Spousal Support: Always Have Evidence Of The Payor's Financial Circumstances
If you are seeking spousal support or alimony, or you are going to be ordered to pay it, then it will be important to have evidence of the payor’s (person paying alimony) financial circumstances. Obviously, a court will need this information to establish the amount to be paid, but often alimony payments can be agreed to in a marital settlement agreement without the need for court intervention. In either case, you should always detail the financial circumstances of both parties in your divorce decree or settlement agreement. You should also be prepared to offer evidence of these financial circumstances in the future. This information will be critical if you or your former spouse ever move to have the alimony payments changed – whether to increase, decrease or terminate them altogether. The Virginia appellate court case of Barnes v. Barnes demonstrates why evidence of financial circumstances is so important.
In the Barnes case, the husband and wife were married in 1981 and decided to get a divorce 10 years later in 1991. When deciding the amount of alimony to be paid, the court awarded the wife $1,200 per month because she had an extreme need for support. At the time, the wife was only earning $140 per month in income and the husband was earning $7,700 per month.
A few years later, the former husband moved to modify the spousal support payments to a lower amount. Since the time of the last hearing, the husband had developed dementia and serious heart problems. His health issues cost him his job and forced him to hire a full-time live-in caretaker. At the time he sought a modification of spousal support, the husband was only earning $1,242 per month from his annuities and $2,202 from social security payments.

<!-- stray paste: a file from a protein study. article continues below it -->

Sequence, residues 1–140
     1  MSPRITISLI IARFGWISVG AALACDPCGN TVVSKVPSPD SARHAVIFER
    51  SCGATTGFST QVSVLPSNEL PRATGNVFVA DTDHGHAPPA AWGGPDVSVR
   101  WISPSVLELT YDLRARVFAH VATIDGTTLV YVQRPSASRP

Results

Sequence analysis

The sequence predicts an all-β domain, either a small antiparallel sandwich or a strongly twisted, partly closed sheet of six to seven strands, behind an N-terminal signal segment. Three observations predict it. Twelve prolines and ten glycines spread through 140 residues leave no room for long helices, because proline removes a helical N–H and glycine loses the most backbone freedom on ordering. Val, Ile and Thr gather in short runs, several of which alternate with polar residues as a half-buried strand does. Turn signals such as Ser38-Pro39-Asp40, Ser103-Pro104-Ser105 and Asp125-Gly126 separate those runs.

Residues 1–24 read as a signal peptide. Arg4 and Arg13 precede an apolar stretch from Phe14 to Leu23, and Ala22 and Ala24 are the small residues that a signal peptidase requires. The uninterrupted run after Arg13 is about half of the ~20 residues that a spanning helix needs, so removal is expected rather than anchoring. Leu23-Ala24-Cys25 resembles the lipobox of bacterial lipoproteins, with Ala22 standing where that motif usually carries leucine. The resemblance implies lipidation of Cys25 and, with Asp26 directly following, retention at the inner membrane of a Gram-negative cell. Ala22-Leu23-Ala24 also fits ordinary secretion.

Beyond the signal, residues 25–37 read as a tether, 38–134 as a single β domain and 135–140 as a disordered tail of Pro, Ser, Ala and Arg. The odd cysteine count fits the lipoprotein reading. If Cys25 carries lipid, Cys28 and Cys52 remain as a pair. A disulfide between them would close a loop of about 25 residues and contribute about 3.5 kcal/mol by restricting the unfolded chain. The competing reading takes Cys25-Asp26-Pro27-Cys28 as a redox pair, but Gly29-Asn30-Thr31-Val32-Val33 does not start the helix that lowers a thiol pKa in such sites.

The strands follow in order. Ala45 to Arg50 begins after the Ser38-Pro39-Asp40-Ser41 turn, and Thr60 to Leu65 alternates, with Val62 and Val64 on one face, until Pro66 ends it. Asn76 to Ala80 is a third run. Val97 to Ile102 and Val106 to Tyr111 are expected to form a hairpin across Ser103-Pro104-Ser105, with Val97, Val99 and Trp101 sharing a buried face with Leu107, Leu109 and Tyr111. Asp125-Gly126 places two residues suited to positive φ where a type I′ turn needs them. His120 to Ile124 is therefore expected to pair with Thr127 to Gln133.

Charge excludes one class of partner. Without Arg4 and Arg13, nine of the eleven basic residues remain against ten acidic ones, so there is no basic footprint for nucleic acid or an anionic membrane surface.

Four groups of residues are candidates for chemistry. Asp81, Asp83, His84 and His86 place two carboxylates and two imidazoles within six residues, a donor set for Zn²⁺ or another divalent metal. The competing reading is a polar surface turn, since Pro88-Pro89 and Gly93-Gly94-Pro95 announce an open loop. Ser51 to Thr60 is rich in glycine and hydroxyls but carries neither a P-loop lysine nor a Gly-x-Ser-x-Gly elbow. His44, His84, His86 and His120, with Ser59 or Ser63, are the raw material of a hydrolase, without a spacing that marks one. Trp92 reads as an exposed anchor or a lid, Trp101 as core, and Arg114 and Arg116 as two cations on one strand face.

At the hearing upon the former husband’s motion to modify the alimony payments, his health issues prevented the husband from being able to testify. For this reason, the husband’s attorney offered evidence of the husband’s current financial situation through the testimony of his caretaker and former business partner. However, the husband’s attorney failed to offer any evidence of the husband’s financial situation in 1991 when the couple got divorced. Accordingly, the trial court was unable to determine whether there had been a substantial change in the husband’s financial situation since the time of the divorce. Therefore, the trial judge granted the former wife’s motion to strike the husband’s evidence of his current financial situation. The judge also refused to take judicial notice of a court opinion that allegedly addressed the husband’s financial situation in 1991.
On appeal, the Court upheld the trial court’s decision not to take judicial notice of the opinion containing the former husband’s financial circumstances in 1991. Citing relevant case law, the Court stated that trial courts could not take judicial notice of records and judgments in other and different cases, even if the cases are between the same parties.
The Barnes decision illustrates why it is so important to have someone testify as to the financial circumstances of the payor since the original support order was entered. If this is not possible, then you should always have some hard evidence that shows the same, like an authenticated copy of the most recent support order, which shows the payor’s financial circumstances.
If you are dealing with issues surrounding alimony or a modification of spousal support payments, you need the help of a qualified family law attorney who knows the law in your jurisdiction. Whether you are seeking support payments for the first time or wish to change the amount you are paying or receiving, you should consult with an experienced attorney as soon as possible. The family lawyers at the DiPietro Family Law Group have years of experience handling divorce and spousal support cases in jurisdictions across Northern Virginia and Washington, DC. Contact us to schedule a consultation today at (888) 530-4374.